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Dad of Preemie

Meet Mike, Preemie Parent Mentor

My preemie was born at: 26 weeks and 5 Days
Days spent in the NICU: 120 Days
Parent of Multiples: No
Our NICU Journey included: Having a preemie during COVID and NICU stay during the pandemic, PDA closure, IVH, ROP, Breathing support (multiple intubations, CPAP, Hi Flow oxygen, home oxygen), NICU switching, Dads of preemies.

The NICU journey is a lonely path. So many sleepless nights, agonizing moments and hours
after hours of just me and him in the room left me physically, mentally and emotionally spent. Thanks to the ongoing pandemic, we were limited to only Mom and Dad able to visit our little Jellybean. This only furthered the feelings of isolation and that we were in this by ourselves. Well-meaning friends and family tried to help but could not begin to fathom what we were going through. Connecting with a parent mentor gave me someone who had experienced the fears and joys that I was going through and let me know we weren’t alone. Separated by time and distance maybe, but they were there.
That’s what I want to do. Help parents know that they aren’t alone.

What I remember most about our NICU journey is in the beginning it was only fear. Fear for my son. Fear for my wife. Fear of the unknown. The thing is, the fear didn’t last. Once I put my finger in his little hand, sang to him and got my first cuddles, that fear was replaced with nothing but love.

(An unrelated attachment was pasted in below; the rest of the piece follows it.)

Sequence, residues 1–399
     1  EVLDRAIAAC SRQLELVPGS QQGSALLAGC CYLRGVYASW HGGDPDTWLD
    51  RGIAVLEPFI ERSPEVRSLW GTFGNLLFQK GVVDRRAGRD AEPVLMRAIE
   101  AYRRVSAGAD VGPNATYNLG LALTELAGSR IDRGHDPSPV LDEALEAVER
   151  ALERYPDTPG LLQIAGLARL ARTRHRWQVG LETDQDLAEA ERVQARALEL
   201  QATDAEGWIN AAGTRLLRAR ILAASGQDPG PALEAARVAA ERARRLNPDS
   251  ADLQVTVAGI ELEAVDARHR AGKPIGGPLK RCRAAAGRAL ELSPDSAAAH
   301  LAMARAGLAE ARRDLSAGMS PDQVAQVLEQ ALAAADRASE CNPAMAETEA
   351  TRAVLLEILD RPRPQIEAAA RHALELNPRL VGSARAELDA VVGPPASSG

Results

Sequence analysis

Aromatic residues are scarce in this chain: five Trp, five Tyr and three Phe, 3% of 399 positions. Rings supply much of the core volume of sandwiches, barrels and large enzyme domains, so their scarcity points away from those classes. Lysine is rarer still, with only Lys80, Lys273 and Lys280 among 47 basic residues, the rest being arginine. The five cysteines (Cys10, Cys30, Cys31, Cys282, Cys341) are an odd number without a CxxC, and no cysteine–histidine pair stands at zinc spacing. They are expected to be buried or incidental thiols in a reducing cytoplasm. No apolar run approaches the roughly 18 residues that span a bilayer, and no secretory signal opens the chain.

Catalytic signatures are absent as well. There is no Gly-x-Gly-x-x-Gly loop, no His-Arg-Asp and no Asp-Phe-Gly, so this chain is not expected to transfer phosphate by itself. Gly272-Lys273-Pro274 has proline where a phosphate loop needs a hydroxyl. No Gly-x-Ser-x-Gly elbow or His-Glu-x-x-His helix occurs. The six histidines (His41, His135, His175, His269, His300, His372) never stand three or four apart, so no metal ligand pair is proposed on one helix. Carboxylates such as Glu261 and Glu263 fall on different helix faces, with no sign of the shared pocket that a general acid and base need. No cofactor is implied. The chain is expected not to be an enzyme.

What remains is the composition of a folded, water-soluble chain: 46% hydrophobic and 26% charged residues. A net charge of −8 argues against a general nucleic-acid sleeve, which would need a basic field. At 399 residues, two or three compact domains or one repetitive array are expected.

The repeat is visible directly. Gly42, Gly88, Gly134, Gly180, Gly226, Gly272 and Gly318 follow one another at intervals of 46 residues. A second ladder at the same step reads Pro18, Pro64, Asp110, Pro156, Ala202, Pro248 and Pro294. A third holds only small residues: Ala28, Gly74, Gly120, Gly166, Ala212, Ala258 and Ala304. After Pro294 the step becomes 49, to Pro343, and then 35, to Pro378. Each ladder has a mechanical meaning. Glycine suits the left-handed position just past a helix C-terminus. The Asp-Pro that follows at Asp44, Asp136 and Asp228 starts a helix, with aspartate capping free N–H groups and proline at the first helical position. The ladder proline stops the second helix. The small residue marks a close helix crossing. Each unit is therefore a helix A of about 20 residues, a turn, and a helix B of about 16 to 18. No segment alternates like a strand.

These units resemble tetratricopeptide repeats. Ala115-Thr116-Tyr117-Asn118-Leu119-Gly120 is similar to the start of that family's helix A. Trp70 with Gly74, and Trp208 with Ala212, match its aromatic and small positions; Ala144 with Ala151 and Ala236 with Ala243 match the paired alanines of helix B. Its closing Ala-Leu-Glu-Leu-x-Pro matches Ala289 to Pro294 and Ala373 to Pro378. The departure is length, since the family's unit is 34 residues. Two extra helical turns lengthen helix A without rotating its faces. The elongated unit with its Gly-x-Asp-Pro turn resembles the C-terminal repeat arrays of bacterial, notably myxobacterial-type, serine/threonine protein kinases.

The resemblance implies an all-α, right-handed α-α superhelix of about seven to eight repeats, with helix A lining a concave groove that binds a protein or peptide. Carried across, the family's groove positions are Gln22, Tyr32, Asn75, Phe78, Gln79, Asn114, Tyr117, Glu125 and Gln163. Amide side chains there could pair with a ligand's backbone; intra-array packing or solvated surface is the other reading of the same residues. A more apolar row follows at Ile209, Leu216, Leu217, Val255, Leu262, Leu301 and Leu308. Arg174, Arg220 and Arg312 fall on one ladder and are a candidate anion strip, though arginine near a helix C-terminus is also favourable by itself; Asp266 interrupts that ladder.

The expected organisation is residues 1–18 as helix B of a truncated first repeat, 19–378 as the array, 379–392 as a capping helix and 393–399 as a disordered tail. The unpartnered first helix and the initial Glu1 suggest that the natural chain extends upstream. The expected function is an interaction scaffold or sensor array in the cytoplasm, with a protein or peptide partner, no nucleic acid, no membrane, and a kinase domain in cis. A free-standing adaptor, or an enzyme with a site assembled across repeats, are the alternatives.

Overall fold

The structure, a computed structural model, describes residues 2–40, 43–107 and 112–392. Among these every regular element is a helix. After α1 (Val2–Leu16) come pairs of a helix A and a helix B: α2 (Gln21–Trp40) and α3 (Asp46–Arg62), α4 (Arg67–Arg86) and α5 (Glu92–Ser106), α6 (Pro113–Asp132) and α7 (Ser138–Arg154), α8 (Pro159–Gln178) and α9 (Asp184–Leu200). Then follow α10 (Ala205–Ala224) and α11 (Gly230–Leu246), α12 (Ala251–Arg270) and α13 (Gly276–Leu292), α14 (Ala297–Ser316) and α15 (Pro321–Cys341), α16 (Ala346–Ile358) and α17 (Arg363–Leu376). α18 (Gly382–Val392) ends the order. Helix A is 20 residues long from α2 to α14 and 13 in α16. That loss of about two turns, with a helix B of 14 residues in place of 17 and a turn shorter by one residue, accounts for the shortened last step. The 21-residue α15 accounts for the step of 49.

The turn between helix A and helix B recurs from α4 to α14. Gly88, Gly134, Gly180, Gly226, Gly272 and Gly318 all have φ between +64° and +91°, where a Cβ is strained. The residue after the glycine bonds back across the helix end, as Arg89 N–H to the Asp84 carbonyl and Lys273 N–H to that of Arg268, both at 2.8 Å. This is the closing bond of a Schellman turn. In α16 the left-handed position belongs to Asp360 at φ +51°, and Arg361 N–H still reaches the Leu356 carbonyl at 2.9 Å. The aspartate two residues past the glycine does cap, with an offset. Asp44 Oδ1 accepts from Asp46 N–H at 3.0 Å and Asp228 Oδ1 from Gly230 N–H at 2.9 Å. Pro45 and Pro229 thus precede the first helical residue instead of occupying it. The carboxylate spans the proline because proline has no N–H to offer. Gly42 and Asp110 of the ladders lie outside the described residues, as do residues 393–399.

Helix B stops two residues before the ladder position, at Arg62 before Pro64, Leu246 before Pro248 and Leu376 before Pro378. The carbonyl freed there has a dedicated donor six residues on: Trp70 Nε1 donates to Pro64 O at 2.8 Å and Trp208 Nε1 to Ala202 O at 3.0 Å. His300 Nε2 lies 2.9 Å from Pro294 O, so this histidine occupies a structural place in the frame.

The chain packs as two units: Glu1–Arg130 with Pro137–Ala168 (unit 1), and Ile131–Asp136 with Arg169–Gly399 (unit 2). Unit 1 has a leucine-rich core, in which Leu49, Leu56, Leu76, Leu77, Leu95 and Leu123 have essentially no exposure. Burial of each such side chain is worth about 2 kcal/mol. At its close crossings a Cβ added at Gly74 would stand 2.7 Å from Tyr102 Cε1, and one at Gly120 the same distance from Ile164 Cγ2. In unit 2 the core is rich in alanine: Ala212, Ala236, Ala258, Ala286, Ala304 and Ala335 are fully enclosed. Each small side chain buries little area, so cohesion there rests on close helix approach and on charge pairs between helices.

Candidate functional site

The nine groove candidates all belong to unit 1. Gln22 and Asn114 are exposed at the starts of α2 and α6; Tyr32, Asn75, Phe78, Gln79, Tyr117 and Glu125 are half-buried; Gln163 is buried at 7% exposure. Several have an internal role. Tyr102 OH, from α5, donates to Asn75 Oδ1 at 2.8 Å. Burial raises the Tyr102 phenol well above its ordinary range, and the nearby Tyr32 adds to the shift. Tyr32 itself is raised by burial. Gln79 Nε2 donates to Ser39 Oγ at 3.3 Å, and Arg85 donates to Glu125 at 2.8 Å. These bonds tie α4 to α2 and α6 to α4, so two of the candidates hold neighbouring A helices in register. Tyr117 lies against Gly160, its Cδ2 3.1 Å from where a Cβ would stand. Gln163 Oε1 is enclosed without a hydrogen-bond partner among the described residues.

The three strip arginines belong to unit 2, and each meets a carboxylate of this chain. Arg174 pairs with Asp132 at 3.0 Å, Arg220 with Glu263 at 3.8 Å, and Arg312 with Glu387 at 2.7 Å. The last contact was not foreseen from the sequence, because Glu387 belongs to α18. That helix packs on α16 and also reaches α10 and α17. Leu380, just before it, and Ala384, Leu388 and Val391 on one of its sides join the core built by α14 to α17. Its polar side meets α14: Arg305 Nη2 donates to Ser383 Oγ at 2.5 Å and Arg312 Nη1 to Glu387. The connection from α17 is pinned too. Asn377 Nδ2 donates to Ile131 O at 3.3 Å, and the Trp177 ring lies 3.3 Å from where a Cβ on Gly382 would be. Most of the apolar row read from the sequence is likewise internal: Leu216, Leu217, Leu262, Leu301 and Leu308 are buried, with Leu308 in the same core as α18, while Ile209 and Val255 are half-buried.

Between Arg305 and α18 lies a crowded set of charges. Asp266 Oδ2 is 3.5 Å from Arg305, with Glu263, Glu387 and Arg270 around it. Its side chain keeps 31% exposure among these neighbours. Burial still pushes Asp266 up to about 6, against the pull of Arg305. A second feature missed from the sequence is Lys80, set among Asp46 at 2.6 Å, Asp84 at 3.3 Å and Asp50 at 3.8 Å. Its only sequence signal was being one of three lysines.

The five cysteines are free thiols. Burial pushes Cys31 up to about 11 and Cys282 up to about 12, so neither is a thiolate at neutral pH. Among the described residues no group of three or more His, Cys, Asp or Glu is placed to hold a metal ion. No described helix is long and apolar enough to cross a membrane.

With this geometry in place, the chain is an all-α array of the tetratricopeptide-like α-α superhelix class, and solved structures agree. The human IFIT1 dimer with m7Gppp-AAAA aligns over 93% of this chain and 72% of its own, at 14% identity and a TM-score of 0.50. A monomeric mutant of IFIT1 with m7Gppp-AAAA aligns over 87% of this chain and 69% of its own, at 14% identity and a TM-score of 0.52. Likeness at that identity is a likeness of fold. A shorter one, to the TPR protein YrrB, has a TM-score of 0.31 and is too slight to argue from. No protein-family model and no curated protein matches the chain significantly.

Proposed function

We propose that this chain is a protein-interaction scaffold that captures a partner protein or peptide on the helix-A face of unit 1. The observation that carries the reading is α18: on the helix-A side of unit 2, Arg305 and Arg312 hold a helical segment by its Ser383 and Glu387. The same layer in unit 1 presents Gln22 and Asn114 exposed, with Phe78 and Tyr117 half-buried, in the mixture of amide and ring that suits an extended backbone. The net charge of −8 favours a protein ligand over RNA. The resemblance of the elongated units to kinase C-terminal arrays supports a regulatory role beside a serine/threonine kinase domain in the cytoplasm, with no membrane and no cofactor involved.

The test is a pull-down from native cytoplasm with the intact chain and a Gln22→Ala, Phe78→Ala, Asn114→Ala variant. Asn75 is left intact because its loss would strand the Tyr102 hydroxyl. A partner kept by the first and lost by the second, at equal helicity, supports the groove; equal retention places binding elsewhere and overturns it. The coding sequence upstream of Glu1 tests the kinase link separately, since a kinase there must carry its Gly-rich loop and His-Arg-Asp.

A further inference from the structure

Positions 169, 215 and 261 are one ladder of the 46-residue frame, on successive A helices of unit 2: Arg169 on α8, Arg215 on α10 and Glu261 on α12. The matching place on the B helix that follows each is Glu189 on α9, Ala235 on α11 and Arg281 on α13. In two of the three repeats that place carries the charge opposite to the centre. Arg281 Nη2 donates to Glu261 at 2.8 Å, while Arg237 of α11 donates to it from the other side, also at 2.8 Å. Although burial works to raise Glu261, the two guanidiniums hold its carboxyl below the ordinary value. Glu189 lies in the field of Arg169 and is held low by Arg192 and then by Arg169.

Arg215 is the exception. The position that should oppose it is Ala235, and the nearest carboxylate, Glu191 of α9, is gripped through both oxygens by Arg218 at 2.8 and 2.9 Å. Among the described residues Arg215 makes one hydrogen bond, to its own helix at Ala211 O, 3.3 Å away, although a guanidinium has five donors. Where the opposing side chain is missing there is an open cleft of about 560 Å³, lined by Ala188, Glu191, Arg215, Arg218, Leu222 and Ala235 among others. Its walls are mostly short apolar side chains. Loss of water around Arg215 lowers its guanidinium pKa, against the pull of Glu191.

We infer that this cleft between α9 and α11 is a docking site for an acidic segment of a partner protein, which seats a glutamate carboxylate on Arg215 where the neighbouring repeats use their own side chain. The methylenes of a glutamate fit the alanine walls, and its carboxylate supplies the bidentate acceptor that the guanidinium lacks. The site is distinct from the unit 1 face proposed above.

Yes, there were plenty of scary times through all the alarms, multitude of procedures and roller coaster of the day, but sitting down next to his isolet to read to him, singing songs or holding him until the wee hours of the morning made everything right in the world.
I remember all the nurses and doctors that were patient with us as we experienced every possible emotion every day. They celebrated with us, worried with us, and became our family.

I want all other preemie parents to know:
-Just Breathe.
-Never pass up the opportunity for cuddles. They’re good for them and you.
-Get smart. Learn all you can about what is going on. Once you understand it becomes much
less scary.

Supporting Fathers of Premature Babies

The word we most often see associated with dads coping with prematurity is strong. Fathers in the NICU and beyond are described as the walls that hold up the world around mothers, babies, and whole families. What we seldom see acknowledged is that dads of preemies may feel just as terrified, overwhelmed, and confused as their partners, but they’re not encouraged to share these emotions. Many dads are “fixers” – they want something to do. While there is plenty dads can do, premature birth is an issue without an easy fix.